In addition to the already announced films in Universal Pictures’ Dark Universe, the studio plans on tacking on at least two more reboots to the list. It’s no secret that shared universes are all the rage in Hollywood these days. Marvel Studios popularized the concept with the Marvel Cinematic Universe, and Warner Bros. has followed suit with the DC Extended Universe. Now, Paramount is gearing up to expand its Transformers franchise beginning with Transformers: The Last Knight later this month.

Universal is getting in on the action with its own shared universe based on iconic monsters from Hollywood’s golden age. The newly-formed Dark Universe begins with Alex Kurtzman’s The Mummy this weekend and continues in two years with Bill Condon’s Bride of Frankenstein, starring Javier Bardem as Frankenstein’s monster. Sometime after that, Johnny Depp will make his debut as the Invisible Man. Furthermore, the studio also has reboots planned for Van Helsing, The Wolf Man, and Creature from the Black Lagoon — and that’s not all.

Kurtzman has been doing press for his upcoming film, and he recently unveiled plans to Fandom about expanding the Dark Universe with two more films: The Hunchback of Notre Dame and The Phantom of the Opera.

“We know we’re going to do Frankenstein, Bride of Frankenstein, Dracula, Creature from the Black Lagoon, Phantom of the Opera, Hunchback of Notre Dame, Invisible Man.”

Unlike the rest of the movies in the Dark Universe, The Hunchback of Notre Dame and The Phantom of the Opera are two films that are uniquely special to Universal, for they were the first two “monster” movies the studio produced in the early ’20s, which starred legendary silent film actor Lon Chaney as both Quasimodo and the Phantom. At this time, there’s no telling who will play those characters, but people like Michael Fassbender, Jennifer Lawrence, Charlize Theron, and Angelina Jolie are on Kurtzman’s wishlist to star in the Dark Universe. They don’t have to play any of the main characters either. Kurtzman says they plan on diving deep into the mythology of these characters and movies, which could eventually lead to spinoff films.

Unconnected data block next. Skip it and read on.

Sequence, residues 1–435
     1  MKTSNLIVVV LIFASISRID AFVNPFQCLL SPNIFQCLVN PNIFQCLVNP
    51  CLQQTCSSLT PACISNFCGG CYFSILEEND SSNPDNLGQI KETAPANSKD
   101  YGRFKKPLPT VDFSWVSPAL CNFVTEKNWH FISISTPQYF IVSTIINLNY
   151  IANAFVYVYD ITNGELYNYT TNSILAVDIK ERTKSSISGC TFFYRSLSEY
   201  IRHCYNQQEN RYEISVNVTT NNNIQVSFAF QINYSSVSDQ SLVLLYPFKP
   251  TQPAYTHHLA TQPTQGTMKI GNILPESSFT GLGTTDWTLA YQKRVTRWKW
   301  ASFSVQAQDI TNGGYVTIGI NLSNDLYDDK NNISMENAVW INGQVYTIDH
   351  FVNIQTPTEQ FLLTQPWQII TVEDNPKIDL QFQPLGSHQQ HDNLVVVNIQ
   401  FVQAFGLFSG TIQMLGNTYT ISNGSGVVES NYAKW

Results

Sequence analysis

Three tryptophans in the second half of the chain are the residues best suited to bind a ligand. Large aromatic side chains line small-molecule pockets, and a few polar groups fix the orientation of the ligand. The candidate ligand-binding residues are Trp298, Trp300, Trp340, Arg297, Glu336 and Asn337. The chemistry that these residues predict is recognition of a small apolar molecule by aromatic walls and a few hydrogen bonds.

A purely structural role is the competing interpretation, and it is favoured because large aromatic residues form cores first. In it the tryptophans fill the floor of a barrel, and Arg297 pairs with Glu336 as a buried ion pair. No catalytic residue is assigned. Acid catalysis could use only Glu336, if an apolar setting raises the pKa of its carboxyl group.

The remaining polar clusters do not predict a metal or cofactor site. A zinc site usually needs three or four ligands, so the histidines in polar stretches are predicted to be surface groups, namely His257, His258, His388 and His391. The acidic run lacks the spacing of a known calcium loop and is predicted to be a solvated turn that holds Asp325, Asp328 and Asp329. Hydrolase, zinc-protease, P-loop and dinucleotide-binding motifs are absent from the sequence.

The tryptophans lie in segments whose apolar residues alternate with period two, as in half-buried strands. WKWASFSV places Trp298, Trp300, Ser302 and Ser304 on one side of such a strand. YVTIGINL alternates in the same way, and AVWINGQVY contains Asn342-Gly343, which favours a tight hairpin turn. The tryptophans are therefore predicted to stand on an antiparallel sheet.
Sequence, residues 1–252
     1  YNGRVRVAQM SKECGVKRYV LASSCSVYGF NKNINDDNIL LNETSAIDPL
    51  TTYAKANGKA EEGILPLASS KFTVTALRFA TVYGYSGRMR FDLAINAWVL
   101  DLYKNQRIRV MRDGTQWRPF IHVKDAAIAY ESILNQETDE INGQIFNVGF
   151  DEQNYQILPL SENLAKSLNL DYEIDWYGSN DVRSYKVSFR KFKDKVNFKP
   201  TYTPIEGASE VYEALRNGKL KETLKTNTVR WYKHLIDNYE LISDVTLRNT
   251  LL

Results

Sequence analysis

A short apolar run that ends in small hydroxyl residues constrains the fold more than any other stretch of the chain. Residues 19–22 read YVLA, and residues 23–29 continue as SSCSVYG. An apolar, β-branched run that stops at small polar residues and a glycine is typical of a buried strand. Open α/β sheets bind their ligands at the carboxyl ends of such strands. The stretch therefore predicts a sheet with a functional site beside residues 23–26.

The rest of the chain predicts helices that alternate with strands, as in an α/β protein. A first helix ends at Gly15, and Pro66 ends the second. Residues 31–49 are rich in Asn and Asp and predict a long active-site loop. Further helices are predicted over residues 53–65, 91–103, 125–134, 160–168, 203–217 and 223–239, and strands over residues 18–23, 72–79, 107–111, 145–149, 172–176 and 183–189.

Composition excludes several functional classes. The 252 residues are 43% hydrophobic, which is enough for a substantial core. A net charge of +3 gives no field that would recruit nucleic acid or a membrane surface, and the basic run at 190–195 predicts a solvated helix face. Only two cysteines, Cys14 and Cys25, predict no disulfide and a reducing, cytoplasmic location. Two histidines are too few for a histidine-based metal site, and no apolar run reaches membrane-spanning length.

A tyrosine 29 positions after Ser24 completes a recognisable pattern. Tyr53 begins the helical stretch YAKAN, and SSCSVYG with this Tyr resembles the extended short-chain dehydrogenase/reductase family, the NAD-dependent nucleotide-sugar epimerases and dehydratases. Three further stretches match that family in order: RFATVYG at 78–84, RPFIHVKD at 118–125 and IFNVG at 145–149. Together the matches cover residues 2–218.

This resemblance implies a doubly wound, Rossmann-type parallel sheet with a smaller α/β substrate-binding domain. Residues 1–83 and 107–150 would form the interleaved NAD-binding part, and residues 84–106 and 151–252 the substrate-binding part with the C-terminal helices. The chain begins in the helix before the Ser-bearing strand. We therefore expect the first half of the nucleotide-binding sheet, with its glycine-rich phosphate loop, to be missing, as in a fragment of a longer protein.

“There are characters within those films that can grow and expand and maybe even spin off. I think that digging into deep mythologies about monsters around the world is fair game for us, as well and connecting the monsters that we know to some surprising monsters could also be really interesting.”

Aside from confirmation of more movies, what’s interesting about Kurtzman’s comments is that he names Dracula as one of the characters that will be rebooted within the Dark Universe. When the monster universe was first announced, it was reported that Gary Shore’s Dracula Untold, starring Luke Evans as the eponymous character, would be the first installment in the burgeoning shared universe. That ended up not being the case when Universal officially named The Mummy as the inaugural film. These new comments beg the question, has that all changed? Or will Universal reboot Dracula once again? We’ll just have to wait and see.